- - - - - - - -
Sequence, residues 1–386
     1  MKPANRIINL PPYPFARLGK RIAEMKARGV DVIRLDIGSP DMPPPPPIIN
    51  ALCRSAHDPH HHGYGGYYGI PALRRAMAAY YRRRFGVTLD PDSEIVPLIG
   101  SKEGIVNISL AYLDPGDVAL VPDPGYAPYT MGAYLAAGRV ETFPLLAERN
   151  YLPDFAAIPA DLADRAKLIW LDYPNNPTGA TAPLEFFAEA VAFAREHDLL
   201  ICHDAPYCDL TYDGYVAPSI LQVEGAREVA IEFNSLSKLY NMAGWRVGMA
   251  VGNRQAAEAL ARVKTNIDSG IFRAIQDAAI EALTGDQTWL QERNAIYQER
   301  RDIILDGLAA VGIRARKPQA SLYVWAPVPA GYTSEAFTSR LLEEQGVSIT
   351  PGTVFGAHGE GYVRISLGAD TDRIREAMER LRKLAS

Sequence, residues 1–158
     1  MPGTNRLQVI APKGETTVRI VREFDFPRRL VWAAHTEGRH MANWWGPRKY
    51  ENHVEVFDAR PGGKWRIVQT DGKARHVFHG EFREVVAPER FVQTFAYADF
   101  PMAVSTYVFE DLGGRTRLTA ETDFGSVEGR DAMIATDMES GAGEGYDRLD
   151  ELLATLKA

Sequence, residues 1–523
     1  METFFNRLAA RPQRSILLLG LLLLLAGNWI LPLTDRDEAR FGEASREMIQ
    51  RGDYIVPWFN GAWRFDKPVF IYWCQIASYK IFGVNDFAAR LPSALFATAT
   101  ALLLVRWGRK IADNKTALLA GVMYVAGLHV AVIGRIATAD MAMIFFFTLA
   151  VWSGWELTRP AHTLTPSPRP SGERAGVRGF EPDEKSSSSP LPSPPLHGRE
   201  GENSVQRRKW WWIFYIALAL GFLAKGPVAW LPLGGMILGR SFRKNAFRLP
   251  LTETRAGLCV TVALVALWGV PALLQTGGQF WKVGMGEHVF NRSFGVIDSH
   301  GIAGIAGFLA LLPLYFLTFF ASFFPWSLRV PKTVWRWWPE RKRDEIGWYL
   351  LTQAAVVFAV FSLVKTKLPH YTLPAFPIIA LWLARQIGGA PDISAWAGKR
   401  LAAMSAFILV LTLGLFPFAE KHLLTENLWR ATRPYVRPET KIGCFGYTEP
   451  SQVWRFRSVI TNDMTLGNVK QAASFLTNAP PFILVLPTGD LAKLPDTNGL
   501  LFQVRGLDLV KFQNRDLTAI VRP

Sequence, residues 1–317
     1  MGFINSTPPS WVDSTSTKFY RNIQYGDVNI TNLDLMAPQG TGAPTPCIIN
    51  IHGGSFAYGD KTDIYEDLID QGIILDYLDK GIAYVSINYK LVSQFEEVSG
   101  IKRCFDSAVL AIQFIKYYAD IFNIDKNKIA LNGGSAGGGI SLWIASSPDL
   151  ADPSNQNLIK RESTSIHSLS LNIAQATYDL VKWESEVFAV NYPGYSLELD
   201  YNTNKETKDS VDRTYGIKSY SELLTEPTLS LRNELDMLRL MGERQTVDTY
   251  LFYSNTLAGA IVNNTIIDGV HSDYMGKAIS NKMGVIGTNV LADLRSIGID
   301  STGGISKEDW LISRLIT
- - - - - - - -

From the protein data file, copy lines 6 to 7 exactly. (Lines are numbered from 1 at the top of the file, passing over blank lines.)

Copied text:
   201  ICHDAPYCDL TYDGYVAPSI LQVEGAREVA IEFNSLSKLY NMAGWRVGMA
   251  VGNRQAAEAL ARVKTNIDSG IFRAIQDAAI EALTGDQTWL QERNAIYQER